Much of the stuff, of course, is private family material, but in 1989 I'd been unemployed for six months, and had started doing a writing course by correspondence. (My father, Frank Crowl, used to play chess by correspondence.)
By 1990 I was well through the writing course and between being father of a family with five children and working as a manager of a bookshop, I found time to write articles and the occasional short story. Most of the articles got published, because I'd been advised to aim not only for the major New Zealand magazines but for the small ones: trade mags and special interest magazines. The latter proved to be the place that was happy to publish my work. More on that in later posts.
Anyway, scattered with varying degrees of frequency throughout the diary are references to my writing joys and woes. I thought these would be of interest on this blog, and have decided to include posts with extracts from the diary as and when I can. I'll keep an index of these on the blog for reference.
Here's a brief opener from the 6th of January, 1990.
In doing the index for my filing system I came across a quote again by a poet who talks about the need for exercises, even in writing poetry. He compares it to the concert pianist who must exercise each day in order to play the pieces well. I think it's something I've avoided because it appears to take away too much time from 'real writing,' but in fact it's out of that exercising that the ideas often flow, and the work of writing is limbered up. I've been reading two books in the last few weeks, one on writing plays, and the other on writing in general. The latter has some excellent ideas for working out as exercises and the other, though it sometimes seems simplistic in its exercise approach, is probably what I need to really write plays well. I don't want 'just' to be a playwright, but an all-rounder. However, I want to be able to write plays as well as I can when I do.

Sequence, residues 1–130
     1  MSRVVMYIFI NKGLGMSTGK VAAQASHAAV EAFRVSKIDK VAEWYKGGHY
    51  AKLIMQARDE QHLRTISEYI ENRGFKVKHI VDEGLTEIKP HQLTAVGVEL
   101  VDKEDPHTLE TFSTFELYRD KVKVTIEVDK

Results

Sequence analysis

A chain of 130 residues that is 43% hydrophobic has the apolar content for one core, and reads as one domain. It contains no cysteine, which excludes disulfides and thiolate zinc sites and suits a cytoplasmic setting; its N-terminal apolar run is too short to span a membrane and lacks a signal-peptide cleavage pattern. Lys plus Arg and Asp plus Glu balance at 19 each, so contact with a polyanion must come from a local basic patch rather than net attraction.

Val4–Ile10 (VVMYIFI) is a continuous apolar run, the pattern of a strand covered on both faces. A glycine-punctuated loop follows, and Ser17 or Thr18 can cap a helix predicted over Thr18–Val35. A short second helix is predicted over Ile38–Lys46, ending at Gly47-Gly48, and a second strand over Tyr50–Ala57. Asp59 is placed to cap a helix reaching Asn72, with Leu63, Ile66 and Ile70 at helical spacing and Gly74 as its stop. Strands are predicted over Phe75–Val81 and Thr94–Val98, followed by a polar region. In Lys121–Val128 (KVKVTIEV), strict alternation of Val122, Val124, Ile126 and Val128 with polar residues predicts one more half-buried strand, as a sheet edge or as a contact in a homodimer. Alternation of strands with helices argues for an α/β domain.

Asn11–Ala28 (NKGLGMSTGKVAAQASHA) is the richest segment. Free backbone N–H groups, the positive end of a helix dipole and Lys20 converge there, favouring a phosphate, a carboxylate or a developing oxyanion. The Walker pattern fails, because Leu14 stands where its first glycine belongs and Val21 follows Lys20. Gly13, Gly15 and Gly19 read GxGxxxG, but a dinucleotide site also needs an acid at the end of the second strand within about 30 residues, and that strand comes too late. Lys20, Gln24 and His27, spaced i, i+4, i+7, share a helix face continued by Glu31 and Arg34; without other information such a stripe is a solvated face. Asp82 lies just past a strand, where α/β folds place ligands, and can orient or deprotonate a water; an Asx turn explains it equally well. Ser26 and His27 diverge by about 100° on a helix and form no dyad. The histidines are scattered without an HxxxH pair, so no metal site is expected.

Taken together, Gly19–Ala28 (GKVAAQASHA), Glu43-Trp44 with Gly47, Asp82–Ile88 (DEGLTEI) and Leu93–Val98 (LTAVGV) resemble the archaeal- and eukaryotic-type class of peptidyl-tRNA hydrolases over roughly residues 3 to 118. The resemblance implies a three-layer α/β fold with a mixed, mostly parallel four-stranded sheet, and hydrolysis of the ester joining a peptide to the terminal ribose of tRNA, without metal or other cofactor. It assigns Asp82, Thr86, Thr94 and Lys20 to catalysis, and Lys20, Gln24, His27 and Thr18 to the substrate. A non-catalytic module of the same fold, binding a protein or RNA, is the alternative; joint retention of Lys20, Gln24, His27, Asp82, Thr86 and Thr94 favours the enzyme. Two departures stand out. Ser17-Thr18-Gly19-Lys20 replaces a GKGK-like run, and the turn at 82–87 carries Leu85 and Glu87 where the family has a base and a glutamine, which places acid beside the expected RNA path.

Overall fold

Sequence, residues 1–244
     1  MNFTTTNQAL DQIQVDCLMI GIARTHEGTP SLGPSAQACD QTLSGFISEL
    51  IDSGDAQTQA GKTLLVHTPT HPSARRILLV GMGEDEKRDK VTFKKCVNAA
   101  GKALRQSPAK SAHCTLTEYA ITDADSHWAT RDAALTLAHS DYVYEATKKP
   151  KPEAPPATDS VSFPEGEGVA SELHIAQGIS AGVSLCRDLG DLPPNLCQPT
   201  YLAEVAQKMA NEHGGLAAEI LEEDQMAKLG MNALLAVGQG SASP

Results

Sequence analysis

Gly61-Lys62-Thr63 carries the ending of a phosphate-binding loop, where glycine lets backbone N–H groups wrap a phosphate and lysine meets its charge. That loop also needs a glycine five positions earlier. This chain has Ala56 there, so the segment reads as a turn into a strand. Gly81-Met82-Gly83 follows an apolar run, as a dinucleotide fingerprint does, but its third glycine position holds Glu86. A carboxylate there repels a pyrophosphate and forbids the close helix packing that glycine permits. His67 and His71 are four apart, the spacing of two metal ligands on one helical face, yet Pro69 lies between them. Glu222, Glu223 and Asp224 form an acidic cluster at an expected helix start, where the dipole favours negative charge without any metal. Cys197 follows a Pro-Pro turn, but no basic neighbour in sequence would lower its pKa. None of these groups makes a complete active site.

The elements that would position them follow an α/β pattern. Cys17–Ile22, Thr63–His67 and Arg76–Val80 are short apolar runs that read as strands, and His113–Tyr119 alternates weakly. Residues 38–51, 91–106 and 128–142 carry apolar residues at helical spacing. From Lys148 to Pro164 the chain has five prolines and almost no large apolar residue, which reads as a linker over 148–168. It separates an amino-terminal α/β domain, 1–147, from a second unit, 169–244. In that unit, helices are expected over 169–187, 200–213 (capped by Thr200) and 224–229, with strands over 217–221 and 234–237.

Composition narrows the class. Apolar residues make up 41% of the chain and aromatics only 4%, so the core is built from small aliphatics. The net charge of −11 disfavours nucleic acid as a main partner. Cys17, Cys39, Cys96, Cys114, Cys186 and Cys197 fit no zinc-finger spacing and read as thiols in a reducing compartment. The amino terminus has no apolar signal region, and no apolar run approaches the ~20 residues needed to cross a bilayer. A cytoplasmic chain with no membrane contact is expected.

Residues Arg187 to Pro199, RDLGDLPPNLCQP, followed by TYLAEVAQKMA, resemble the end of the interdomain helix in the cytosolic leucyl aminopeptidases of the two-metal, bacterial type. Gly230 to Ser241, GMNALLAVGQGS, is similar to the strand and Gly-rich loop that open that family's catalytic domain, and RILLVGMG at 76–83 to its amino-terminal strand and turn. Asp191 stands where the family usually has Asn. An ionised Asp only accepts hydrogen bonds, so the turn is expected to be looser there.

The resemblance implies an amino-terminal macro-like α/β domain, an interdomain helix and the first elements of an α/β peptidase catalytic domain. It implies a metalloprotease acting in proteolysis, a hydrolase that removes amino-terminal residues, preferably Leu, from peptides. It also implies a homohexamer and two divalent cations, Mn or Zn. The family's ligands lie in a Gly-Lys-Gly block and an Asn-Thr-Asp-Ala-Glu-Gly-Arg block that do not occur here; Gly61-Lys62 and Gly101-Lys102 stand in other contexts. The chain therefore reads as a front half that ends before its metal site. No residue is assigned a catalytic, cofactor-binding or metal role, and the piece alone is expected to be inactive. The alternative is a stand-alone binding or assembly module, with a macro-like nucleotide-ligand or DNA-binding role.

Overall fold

I'm not sure that I took my advice about doing writing exercises as seriously as I should have, subsequently, but I do recommend this all the same. There are other ways to do exercises, of course. Blog posts are a great writing exercise, as are typing notes galore for the children's book I'm currently writing. In fact, anything that gets you putting down words on the page/computer is worth doing, even if those particular words aren't ever used as part of something publishable.
I have an interesting book called The Exercise Book which lays out dozens of ideas for exercises, some of which various people have turned into poems, stories, books. The book is by Bill Manhire and others. Manhire is one of New Zealand's literati, and a creative writing teacher. Don't let that put you off. The exercises are the thing, along with the stimulation of approaching writing in a different way.
See also an earlier blog post from 2014, in which I mention Peter Elbow and Anne Lamott, both of whom saw first drafts and writing even without any aim in mind as of great value.